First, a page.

Returning to the initial question: is it okay to eat meat from the supermarket? After all, you don’t know if the meat comes from an animal that is still alive. The moment you buy the meat you can be sure that the animal is dead. (Unless it is Rocky Mountain oysters, for example). And the sages point out that it then no longer falls under the prohibition of Eiver min ha-Chai. Once the animal dies, eating the flesh that was taken from it does not incur the liability of a capital sin. However, the sages added a prohibition that meat removed from an animal while it was living remains prohibited for everyone for all time – even after the animal has died:
Flesh that becomes detached from it [while it is dying] is considered like flesh detached from a living creature and is prohibited to a Noahide even after the animal has expired. 
The problem in modern slaughterhouses is that the animals are stunned by electric shock before they are killed. However, although the animal appears dead – because it is not moving or because it has stopped breathing – it does not mean that the heart has permanently stopped pumping. However, in proper practice, there is enough time after the actual slaughter that the heart has permanently stopped before any meat for human consumption has been removed. 
It is permissible to buy meat in the ordinary supermarket. Two reasons may be proposed to give this leniency, namely Safek (doubt) and Rov (majority).
Safek here means that there is more than a 50% doubt about whether the piece of meat is Eiver min ha-Chai. Rov here means nullification of a forbidden substance that is mixed with a majority of an indistinguishable permitted substance. If a prohibited item is mixed with a majority of permitted items to the point that we cannot distinguish between the two, then for some types of mixtures, the prohibited item is considered “nullified” in the majority. However, there are differing Rabbinical opinions (some stricter and some more lenient) as to which (if either) of the above points apply to Eiver min ha-Chai that might be eaten by Noahides.  
Knowingly eating meat of a live animal is punishable.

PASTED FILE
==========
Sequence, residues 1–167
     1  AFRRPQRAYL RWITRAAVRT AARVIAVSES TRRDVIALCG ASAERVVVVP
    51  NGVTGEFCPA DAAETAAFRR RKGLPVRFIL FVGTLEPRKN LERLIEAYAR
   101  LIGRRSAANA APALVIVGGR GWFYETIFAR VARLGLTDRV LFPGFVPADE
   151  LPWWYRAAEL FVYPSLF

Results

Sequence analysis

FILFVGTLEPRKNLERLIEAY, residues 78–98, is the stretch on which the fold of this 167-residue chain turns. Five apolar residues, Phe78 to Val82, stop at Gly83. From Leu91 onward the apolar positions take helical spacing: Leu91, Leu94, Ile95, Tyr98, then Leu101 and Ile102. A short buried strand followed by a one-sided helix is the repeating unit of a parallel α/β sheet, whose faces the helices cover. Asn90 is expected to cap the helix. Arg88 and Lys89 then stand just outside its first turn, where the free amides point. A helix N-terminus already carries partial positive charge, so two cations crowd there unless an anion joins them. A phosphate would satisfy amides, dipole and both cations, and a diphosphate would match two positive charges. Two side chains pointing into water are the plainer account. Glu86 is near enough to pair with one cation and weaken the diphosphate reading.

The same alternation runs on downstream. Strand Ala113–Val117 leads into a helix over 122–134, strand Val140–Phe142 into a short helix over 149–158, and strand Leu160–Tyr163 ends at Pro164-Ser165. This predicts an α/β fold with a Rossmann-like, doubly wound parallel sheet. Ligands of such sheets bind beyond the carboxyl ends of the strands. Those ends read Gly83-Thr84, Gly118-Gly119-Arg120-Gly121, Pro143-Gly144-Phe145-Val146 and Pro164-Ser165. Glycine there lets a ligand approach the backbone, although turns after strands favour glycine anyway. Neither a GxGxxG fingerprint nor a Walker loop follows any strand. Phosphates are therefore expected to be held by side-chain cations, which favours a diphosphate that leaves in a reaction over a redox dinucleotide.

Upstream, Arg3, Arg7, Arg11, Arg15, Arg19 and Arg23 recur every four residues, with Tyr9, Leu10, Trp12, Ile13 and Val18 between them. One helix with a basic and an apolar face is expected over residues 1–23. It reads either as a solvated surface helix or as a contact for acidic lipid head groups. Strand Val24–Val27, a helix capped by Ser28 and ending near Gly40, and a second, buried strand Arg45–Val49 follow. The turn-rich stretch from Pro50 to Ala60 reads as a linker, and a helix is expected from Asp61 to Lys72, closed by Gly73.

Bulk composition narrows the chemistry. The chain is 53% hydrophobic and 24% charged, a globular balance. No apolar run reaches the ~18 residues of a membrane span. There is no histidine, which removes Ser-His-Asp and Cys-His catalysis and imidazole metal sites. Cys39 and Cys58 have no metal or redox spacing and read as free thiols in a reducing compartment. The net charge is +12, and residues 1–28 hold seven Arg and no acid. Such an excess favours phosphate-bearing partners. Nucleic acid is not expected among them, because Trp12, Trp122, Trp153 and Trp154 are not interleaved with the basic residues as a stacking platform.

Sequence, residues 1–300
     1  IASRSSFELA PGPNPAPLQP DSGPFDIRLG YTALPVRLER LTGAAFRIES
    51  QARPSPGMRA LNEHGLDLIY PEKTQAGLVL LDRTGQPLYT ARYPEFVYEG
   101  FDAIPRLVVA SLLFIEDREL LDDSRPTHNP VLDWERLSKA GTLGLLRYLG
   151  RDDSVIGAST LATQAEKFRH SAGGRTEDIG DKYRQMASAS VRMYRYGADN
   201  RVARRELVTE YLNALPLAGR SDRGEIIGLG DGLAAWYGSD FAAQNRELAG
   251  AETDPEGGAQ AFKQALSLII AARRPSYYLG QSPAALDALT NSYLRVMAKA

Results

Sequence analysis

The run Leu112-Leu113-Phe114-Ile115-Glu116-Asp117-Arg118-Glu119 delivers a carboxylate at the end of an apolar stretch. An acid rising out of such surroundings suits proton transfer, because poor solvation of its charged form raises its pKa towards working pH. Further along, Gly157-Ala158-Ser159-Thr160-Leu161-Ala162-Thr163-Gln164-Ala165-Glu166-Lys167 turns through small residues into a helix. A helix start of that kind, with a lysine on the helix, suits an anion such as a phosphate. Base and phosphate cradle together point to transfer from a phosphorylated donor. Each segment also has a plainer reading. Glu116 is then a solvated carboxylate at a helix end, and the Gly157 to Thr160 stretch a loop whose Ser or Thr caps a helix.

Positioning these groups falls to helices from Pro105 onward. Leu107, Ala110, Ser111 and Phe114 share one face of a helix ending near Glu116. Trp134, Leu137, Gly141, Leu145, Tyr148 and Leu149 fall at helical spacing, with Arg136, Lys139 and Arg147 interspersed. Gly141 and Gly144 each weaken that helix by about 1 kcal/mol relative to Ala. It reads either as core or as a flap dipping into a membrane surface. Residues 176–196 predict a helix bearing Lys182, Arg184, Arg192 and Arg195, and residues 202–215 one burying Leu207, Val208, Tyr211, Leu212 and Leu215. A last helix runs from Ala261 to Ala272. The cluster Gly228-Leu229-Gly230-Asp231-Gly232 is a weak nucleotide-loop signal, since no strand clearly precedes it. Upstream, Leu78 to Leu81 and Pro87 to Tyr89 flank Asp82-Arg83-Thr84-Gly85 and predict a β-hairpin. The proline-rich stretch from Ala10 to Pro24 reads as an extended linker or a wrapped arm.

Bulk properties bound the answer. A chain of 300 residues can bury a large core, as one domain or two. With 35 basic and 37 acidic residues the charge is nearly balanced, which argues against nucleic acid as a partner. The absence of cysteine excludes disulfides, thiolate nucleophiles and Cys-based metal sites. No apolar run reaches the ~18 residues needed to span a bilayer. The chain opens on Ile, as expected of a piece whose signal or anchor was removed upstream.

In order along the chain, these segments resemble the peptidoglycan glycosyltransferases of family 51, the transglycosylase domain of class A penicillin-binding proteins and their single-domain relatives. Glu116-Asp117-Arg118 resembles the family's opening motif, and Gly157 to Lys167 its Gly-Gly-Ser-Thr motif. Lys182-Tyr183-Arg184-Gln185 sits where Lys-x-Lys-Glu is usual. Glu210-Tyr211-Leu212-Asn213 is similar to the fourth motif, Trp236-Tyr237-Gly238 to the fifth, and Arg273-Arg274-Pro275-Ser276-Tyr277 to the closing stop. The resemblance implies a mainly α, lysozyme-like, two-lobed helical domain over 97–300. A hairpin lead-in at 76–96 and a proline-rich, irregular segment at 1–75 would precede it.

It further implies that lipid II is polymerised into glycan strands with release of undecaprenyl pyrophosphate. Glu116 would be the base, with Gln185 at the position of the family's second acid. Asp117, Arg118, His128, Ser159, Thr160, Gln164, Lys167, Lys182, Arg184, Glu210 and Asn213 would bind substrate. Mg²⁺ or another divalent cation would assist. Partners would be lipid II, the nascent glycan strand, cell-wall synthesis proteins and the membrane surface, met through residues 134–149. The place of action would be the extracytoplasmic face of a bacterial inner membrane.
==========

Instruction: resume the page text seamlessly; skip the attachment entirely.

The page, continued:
Eating meat from an animal that was not yet dead at the time it was severed is prohibited after the animal dies, but not punishable.
Meat from the supermarket may be bought and eaten by Noahides.
There are Noahides who choose not to buy meat from the supermarket because they do not want to have a small risk of eating meat that is forbidden (not punishable anyway). They consciously choose to eat only certified Kosher slaughtered meat. When they take on this strictness – which is not mandatory – it may become forbidden for them to revert to eating non-Kosher meat, if they did not state that they are taking on this extra stringency “without a vow”. They can eat out at a restaurant, but they are not allowed to eat food there that contains real meat. 
By Angelique Sijbolts
 Sefaria see Rambam – https://www.sefaria.org/Genesis.1.29?lang=bi&with=Rashi&lang2=en
 ] Rashi on Tractate Sanhedrin 57a – 4 https://www.sefaria.org/Sanhedrin.57a.4?lang=en&with=Rashi&lang2=en
 Genesis 9:2-3
 Meat After the Flood
 ] The Divine Code 4 edition p. 238
 Sefer Chassidim 666
 Genesis 9:4
 The Noahide Laws p 349 referring to Maimonides, Hilchos Melachim 9:10. and Chullin 102b
 The Divine Code 4 edition p. 243
 The Noahide Laws p. 350 referring to Chullin 121b
 Own research and interviews at local slaughterhouse
 The Noahide Laws p. 353
 The Divine Code 4th edition, Part IV, Chapter 6.
 The Noahide Laws p. 355
Thanks to Dr Michael Schulman and Rabbi Tani Burton for the feedback